Back in 1954 Audrey Hepburn wrote history dressed in lace.  Her Givenchy dress in 1954 is considered one of the most important celebrity red carpet moment of all time for good reason. Cute, immaculate, a sight for sore eyes, Audrey Hepburn’s 1954 dress made waves for different reasons.

“If Streisand established a tradition of Oscar eccentricity, Hepburn made a case for Oscar polish. Her dress’ lace bodice, full skirt and delicate belt were much less entertaining on TV than the actress wearing them. But, they also helped cement the Oscars as a marketing opportunity for designers” comments Smithsonian’s Alice Hines.

“According to Cosgrave, Hepburn first met the dress’ designer, Hubert de Givenchy, in 1953, when she showed up at his Paris salon to shop for costumes for Sabrina. The dress she wore the following year, when she won the Oscar for best actress in Roman Holiday, was a sneak peak of what people would see in Sabrina when it hit theaters a few months later.

Her outfit shared that same high “boat” neck and bare shoulders that Hepburn considered flattering. Once Sabrina came out, everyone wanted that iconic boat-neck dress, and Givenchy rebranded the style: “I named it ‘décolleté Sabrina,’” he told Vanity Fair years later. (Studio costume designer Edith Head, displeased at Givenchy’s involvement from the get-go, always claimed the Sabrina designs were hers.)”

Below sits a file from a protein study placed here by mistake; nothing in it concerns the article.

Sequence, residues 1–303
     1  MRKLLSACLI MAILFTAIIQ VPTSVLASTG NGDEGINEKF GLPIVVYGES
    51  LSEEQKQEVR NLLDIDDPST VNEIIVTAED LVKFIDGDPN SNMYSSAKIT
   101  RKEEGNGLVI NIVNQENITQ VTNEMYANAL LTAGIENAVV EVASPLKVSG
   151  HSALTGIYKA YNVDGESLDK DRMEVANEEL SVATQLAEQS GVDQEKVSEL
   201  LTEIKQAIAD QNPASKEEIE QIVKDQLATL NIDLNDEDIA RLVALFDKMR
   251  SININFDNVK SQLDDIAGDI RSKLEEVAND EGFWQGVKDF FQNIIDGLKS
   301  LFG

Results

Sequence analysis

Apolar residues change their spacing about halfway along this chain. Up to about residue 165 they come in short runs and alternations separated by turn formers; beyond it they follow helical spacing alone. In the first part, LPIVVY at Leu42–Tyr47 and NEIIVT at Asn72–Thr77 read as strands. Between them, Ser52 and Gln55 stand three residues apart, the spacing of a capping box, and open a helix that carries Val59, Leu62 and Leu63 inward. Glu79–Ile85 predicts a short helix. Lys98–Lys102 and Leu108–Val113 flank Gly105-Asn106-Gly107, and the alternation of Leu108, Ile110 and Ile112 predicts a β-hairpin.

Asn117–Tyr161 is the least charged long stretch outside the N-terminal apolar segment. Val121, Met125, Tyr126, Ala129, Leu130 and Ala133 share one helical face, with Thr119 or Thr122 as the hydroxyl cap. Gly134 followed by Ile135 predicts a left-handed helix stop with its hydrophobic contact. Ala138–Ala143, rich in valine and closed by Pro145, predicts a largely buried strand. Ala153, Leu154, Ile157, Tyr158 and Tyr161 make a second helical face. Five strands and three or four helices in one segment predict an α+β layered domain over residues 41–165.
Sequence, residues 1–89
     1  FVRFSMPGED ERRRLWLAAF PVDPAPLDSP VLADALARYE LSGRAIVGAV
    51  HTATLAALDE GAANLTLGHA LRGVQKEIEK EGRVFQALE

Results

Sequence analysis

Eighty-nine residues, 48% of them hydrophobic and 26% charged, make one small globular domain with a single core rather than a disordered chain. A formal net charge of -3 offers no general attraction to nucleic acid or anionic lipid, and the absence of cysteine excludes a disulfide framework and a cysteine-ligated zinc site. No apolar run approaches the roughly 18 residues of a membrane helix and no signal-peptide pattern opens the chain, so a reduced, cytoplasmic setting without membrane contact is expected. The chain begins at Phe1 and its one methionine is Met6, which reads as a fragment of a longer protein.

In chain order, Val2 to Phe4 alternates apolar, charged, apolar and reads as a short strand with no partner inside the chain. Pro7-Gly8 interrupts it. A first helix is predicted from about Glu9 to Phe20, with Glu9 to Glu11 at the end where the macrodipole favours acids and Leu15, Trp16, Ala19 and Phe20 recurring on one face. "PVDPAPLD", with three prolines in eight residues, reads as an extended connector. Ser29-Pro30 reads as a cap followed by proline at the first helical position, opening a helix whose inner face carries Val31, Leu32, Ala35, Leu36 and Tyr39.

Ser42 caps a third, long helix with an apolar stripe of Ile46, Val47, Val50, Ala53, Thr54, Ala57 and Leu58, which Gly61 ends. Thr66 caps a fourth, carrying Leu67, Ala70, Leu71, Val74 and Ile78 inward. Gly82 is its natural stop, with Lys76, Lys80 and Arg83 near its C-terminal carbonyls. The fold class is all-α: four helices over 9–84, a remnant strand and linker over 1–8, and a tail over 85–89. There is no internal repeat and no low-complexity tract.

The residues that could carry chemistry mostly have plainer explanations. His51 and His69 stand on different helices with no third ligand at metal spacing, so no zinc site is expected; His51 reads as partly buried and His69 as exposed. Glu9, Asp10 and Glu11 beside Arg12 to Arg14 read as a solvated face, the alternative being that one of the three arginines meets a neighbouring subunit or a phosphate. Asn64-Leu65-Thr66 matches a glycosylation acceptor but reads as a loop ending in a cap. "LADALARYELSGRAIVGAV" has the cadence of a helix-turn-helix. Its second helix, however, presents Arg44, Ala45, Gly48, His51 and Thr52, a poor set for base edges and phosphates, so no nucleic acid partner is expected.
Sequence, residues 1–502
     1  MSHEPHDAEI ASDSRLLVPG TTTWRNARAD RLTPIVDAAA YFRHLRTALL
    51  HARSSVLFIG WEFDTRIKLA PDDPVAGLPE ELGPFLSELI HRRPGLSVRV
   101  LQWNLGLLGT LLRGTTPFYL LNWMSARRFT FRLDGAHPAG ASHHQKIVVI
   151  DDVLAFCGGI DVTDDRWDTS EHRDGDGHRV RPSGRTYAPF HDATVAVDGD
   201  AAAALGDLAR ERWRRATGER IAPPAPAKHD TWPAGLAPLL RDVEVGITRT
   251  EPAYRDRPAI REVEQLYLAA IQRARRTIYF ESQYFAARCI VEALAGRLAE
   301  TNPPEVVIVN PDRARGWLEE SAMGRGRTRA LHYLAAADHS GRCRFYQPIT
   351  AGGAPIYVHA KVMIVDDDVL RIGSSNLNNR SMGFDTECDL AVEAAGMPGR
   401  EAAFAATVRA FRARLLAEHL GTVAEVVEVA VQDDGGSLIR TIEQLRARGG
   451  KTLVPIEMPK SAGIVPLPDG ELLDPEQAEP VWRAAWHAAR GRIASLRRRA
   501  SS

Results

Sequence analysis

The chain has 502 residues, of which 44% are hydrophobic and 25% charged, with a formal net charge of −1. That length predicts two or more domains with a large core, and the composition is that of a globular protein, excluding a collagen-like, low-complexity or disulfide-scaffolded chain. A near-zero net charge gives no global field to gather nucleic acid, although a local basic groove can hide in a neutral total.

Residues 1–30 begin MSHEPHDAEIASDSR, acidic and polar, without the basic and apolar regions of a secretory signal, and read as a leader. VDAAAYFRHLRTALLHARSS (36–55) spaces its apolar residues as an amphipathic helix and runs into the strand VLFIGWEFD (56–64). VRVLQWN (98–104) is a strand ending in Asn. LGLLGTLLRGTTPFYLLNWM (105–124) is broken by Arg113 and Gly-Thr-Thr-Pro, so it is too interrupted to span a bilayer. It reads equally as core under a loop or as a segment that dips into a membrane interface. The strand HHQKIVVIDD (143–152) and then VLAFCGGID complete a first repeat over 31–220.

Audrey Hepburn in Sabrina

Their relationship lasted for a lifetime and had a substantial effect on the designer’s business. It remains the most iconic Oscar dress of all time.

“These days, dozens of cheaper versions of recent Oscar dresses are available online, including Lupita Nyong’o’s light-blue Prada, Charlize Theron’s white Dior, and Emma Stone’s bow-necked Giambattista Valli. Overall, though, even the originals are less avant-garde than they were in the ’90s. Perhaps it’s because we observe them so closely. Per Hollywood Reporter’s Merle Ginsberg, Oscar fashion criticism in the ’90s and ’00s, specifically that of Joan and Melissa Rivers, turned the red carpet ‘mass’” writes Hines.

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